Feb 26, 2010

ALJ McGrath Is Productivity King

The Administrative Law Judge (ALJ) disposition data recently posted by Social Security shows the total number of cases disposed of during the last quarter of calendar year 2009 by each ALJ. One ALJ in particular, Frederick McGrath of Atlanta, stands out. ALJ McGrath disposed of 867 cases in three months! His nearest competitor for the title of highest producing ALJ is W. Howard O'Bryan, Jr. of Oklahoma City who disposed of 348 cases in that three month period. ALJ O'Bryan's productivity is remarkable. ALJ McGrath's productivity is beyond astonishing.

16 comments:

Anonymous said...

I notice that Judge McGrath is also listed in Lexington Ky for the same quarter with a smaller caseload. I could speculate that Judge McGrath may have transferred out and there was a cocerted effort to clear his caseload before he left. That may have involved some help from other ALJs and staff attorneys in getting the decisions out.

Anonymous said...

Best thing to happen to SSA in a long time! Good job on making this information public!

Anonymous said...

At about 22 work days per month... ALJ McGrath's productivity does not astonish me, it frightens me.

How could he actually decide all those cases?

At 8 hours a day, with NO hearings... that'd be about 1.5 hours per case.

It can't be fair to claimants, and it can't be a good use of taxpayer money. There have to be some mispaid cases after less than 1.5 hours of review.

Wonder what his remand rate is like...

Anonymous said...

Anon #1, I agree with you. He couldn't have done this alone. Good eye.

Anonymous said...

He is a very good judge. I had several hearings with him when he was helping with the backlog at one of the ODARs where I often have cases.

He works differently than most judges. He wants the rep to present an argument that points out a clear theory of disability and supporting evidence. Most of the questions are directed at the rep instead of the claimant. He said he does that because claimants don't know what he's talking about when he discusses issues such as SGA, PRW, or the med-voc rules.

If you are prepared, know the evidence, and know what he wants, he will approve meritorious cases.

He told me the reason he gets so many cases done is that "This isn't rocket science." And I agree with him.

Anonymous said...

atlanta ran low on cases. he is travelling to other ofices for hearings now.

Anonymous said...

"It can't be fair to claimants, and it can't be a good use of taxpayer money. There have to be some mispaid cases after less than 1.5 hours of review."

Although all claims should be proper under,law,as a claimant,i say,if any alj think paying a case is unfair to a claimant then there is something wrong at odar!

Anonymous said...

Of course the representatives think he's great- he pays all those cases. It is impossible to do any kind of a reasonable review and actually judge the merits of the cases doing those kinds of numbers. There is absolutely no way all of those cases are meritorious, puleese.

Anonymous said...

He is not permanent in Lexington. He came in and was holding 15 hearings for two weeks. He was killing the hearing reporters.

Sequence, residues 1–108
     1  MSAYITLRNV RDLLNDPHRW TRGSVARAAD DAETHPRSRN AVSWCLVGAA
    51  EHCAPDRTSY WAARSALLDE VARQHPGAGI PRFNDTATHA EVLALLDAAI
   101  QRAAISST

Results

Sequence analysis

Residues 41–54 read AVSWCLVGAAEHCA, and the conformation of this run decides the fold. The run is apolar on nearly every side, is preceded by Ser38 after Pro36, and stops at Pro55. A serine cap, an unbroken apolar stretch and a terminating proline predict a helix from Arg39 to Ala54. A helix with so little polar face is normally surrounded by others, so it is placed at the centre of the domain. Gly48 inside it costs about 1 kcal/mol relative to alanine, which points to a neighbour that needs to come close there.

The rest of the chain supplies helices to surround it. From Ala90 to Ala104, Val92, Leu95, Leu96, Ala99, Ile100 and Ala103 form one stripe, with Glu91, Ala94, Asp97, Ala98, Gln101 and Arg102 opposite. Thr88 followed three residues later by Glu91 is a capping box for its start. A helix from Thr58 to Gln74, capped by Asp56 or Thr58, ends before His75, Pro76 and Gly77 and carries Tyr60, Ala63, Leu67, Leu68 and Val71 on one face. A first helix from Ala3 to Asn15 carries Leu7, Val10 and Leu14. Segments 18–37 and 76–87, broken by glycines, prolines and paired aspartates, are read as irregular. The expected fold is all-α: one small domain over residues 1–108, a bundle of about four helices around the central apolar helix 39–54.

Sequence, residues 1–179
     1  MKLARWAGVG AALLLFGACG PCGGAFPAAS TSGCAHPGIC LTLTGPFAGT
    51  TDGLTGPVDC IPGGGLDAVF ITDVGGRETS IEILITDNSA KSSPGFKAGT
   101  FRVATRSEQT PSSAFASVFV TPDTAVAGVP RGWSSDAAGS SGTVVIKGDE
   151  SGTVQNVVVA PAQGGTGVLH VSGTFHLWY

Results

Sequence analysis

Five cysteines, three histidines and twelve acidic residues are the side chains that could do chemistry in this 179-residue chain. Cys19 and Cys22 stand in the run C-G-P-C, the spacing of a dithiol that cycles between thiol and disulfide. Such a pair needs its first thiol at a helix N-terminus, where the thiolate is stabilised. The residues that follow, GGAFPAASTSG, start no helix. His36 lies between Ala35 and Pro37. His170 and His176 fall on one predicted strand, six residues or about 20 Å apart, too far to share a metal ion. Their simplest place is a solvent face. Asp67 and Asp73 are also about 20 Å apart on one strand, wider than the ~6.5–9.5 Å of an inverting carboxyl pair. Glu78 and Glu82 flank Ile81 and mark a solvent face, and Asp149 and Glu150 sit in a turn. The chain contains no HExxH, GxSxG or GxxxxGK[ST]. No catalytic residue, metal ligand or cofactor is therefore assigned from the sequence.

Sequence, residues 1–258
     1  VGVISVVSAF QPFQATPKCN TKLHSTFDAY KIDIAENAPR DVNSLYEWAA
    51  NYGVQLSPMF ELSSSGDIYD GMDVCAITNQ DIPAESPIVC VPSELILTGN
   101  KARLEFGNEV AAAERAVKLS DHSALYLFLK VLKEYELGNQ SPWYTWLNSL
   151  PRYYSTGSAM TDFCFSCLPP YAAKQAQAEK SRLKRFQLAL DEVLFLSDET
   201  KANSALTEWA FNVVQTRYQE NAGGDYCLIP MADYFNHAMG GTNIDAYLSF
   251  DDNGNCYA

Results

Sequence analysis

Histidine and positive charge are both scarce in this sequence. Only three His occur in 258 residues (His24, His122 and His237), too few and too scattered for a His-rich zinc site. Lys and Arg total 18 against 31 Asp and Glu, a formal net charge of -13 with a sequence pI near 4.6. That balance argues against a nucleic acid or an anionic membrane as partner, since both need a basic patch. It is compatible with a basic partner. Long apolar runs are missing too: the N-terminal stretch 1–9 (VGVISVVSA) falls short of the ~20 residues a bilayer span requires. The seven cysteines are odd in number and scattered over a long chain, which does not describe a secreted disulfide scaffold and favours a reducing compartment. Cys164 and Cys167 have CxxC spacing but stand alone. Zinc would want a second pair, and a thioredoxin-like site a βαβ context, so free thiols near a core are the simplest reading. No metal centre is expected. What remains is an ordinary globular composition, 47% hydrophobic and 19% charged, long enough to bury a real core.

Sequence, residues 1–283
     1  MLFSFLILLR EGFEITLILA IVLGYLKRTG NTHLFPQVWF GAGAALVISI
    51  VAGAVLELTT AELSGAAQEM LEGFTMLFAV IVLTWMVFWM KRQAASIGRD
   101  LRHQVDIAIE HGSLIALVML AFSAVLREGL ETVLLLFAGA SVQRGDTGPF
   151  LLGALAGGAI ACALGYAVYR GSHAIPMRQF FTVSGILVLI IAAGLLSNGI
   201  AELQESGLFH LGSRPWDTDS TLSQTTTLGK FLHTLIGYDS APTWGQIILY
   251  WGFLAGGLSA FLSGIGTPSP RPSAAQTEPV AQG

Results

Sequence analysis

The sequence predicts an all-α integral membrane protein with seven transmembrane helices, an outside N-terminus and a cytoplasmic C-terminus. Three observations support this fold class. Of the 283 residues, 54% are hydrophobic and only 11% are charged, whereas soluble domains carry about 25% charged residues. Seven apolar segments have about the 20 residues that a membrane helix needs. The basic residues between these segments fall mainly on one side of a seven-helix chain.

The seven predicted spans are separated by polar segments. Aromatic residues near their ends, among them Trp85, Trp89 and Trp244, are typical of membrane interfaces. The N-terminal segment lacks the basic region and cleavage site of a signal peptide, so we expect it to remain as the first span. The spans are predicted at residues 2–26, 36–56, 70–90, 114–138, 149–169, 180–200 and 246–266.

Anonymous said...

Statistics indicate that McGrath does not pay more cases than others. Other statistics which have been made public show that his last quarter of 2009 data are just his typical production. If he handles hearings as described by one comment: Of course it is more efficient to decide a case based upon what the representative says rather than taking evidence from the claimant or someone with first hand knowledge. However, if you are going to do that, why hold hearings at all. Most courts think testimony is useful. I guess you could take the position that there is no reason to let testimnoy interfere with production.

Anonymous said...

He doesn't use vocational experts, apparently they slow him down. I guess this means he skips step 5 fi there are non exertional impairmnets.

Anonymous said...

"This isn't rocket science" Bingo! Now if you could just get more ALJs and SSA attorneys who think they are Melvin Belli to realize this then maybe things would move along.

Anonymous said...

is it possible that the case processing in his office is set up in such a way that while others hear, decide, write decisions in many of these cases, he has the responsibility of taking some final, technical step that somehow "clears" these cases in the transactional system - which then generates a count in the management information we're looking at. I.e., is this a data problem?

Anonymous said...

No, Judge McGrath actually hears that number of cases himself. And for those who think that this is somehow "good", I don't think the 1 in 3 people he denies thinks so after they wait 2 years for a 10 minute hearing

Anonymous said...

I would like to know if anyone has gone in front of this ALJ and if so what kind of man is he? I been denied twice and i have been fighting for nearly three years. Infact the date of my hearing is scheduled for one week before my three year mark. I would like some info on him that i can understand.

anonymous said...

This judge is not interested I'm claimants. He's interested in denials. If you appeal his decision, he takes it as a personal attack and he'll take 6 days to deny you again plus he refuses to accept new evidence of your disability!